Dvorsky has another post which discusses more recent attempts at “cultural uplift”, which seems to be a more modern and ethically grounded update of Project Nim; while certainly more palatable than more directly biological interventions in animal cognition, I still feel there’s an arrogant flaw in assuming that human culture is superior (and hence obligatory) to an animal’s naturally evolved culture. Am I engaging in a sort of Noble Savage argument here, claiming that ape inferiority should be preserved in order that I can continue feeling superior to it? I don’t believe I am. You can only throw the Noble Savagery claim at me if you claim that there is already no value-difference between human culture and ape culture, and that apes are deserving of the same rights as man… at which point you not only concede the point I’m trying to make, but you also concede that you have no moral or cultural high-ground from which to decide that ape culture is inferior.
Apes are special, because they are so similar to us in so many ways; on this I think we can all agree. But to uplift them would not be an act of protecting and awarding that specialness; it would be, consciously or otherwise, an act of erasure, an attempt to equalise the specialness differential and make them just the same as us.
And that is human egocentricity in action – the same egocentricity whose trackmarks can be seen on the skin of the planet that gave rise to it, and whose roots are in a deep-seated envy and resentment of the innocence that is the true core of the difference between us and the great apes. It is that innocence that uplifting would erase; do you think an ape that thought like a human wouldn’t resent our theft of that innocence? Or would you keep them ignorant of the state they existed in before uplift? Immediately, inevitably, you create the conditions whereby you are obliged to treat these newly-minted man-apes in a less free condition than the one you have claimed to raise them up to.
To assume that we know what is good for an ape better than an ape itself is an act of spectacular arrogance, and no amount of dressing it up in noble colonial bullshit about civilising the natives will conceal that arrogance.
Furthermore, that said dressing-up can be done by people who frequently wring their hands over the ethical implications of the marginal possibility of sentient artificial intelligences getting upset about how they came to be made doesn’t go a long way toward defending the accusations of myopic technofetish, body-loathing and silicon-cultism that transhumanism’s more vocal detractors are fond of using.
But the task isn’t the point, you see; this is about teaching machines to comprehend input in a linguistic fashion:
The MIT Computer Science and Artificial Intelligence lab has a computer that now plays Civilization all by itself — and it wins nearly 80% of the time. Those are better stats than most of us could brag about, but the real win here is the fact that instruction manuals don’t explain how to win a game, just how to play it.
The results may be game-oriented, but the real purpose for the experiment was to get a computer to do more than process words as data — and to actually process them as language. In this case, the computer read instructions on how to play a rather complex game, then proceeded to not only play that game, but to play it very well.
If you take the same process and replace gaming with something more real-world applicable, like medicine or automotive tech, you could have a computer that’s able to act as more than just a reference tool. A lot more.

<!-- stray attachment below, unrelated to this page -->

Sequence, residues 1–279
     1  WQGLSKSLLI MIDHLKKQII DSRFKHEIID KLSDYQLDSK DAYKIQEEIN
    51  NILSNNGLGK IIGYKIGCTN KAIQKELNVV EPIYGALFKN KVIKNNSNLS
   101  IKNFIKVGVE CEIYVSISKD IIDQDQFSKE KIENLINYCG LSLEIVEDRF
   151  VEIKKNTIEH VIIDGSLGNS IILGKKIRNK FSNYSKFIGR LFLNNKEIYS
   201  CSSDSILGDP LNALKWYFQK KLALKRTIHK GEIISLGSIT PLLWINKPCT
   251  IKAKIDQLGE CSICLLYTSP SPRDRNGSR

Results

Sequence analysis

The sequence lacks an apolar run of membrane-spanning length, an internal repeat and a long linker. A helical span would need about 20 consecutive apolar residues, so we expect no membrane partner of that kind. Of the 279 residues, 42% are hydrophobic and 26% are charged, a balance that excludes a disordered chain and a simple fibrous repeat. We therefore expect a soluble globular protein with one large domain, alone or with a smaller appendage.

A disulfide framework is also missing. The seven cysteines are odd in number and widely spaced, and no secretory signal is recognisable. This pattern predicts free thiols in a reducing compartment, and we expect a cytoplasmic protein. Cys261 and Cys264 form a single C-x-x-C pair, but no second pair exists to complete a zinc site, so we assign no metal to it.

We’ve talked about social steganography before; for teenagers and other folk restricted to communicating in public and/or monitored virtual spaces, a shared coded language becomes a necessity for the communication of ideas which you don’t want the watchers (be they parents, governments or whatever else) to be able to parse.
Samuel Herrera, who runs the linguistics laboratory at the Institute of Anthropological Research in Mexico City, found young people in southern Chile producing hip-hop videos and posting them on YouTube using Huilliche, a language on the brink of extinction.
Herrera also discovered teens in the Phillippines and Mexico who think it’s “cool” to send text messages in regional endangered languages like Kapampangan and Huave.
Almost as soon as text messaging exploded on the world stage as a means to reach anyone, anywhere, and anytime, young people began to find a way to scale it back, make it more exclusive and develop their own code or doublespeak to use on the widely used devices.
the adoption of a discarded language makes perfect sense, to keep texting’s cachet among teens exclusive. And linguists are pleased that dying languages are helping teens communicate, keeping the languages alive in the process.
“This really strengthens the use of the language,” said Herrera, who is pleased to find this naturally occurring, albeit somewhat unconventional, solution to the problem of dying native tongues.
In fact, according to Dr. Gregory Anderson, young people need to be the ones reviving a dying language. The director of the Living Tongues Institute for Endangered Languages in Salem, Oregon, says that somewhere between the ages of six and 25, people make a definitive decision whether or not to say to stay or break with a language.
Score up another point against the Rejectionistas.
The first step is to identify and collect all those metaphors — from English, Farsi, Spanish and Russian — into a huge database. That means analyzing loads of textual data, identifying all the metaphors (“his life took a left turn”; “you must find your own way”), mapping them onto a conceptual metaphor (“life is a journey”) and then … well, after that, it’s not completely clear.
Social science may offer a clue into what we could possibly do with this gigantic metaphor repository, however. Besides improving communication and interactions in a globalized world, metaphors might help us bridge cross-cultural gaps.
For example, the topic of morality. Americans are likely to think of morality in terms of rights, or things we “possess” or can be “deprived of” — “rights as IOUs.” In China, on the other hand, morality is usually conceived of as bounded space or concentric circles, so you can “overstep boundaries” or “hit the mark.” These two metaphors aren’t really compatible, but if we started talking about a moral right as a “right-of-way” (a path to move along without interference), we might have found a metaphor that carries weight in both cultures.
I wonder how far you could go with this? Maybe we could boil down all human concepts into pure universal metaphors… I’m not sure what use that would be to anyone, but the writer in me thinks it’s a great idea nonetheless.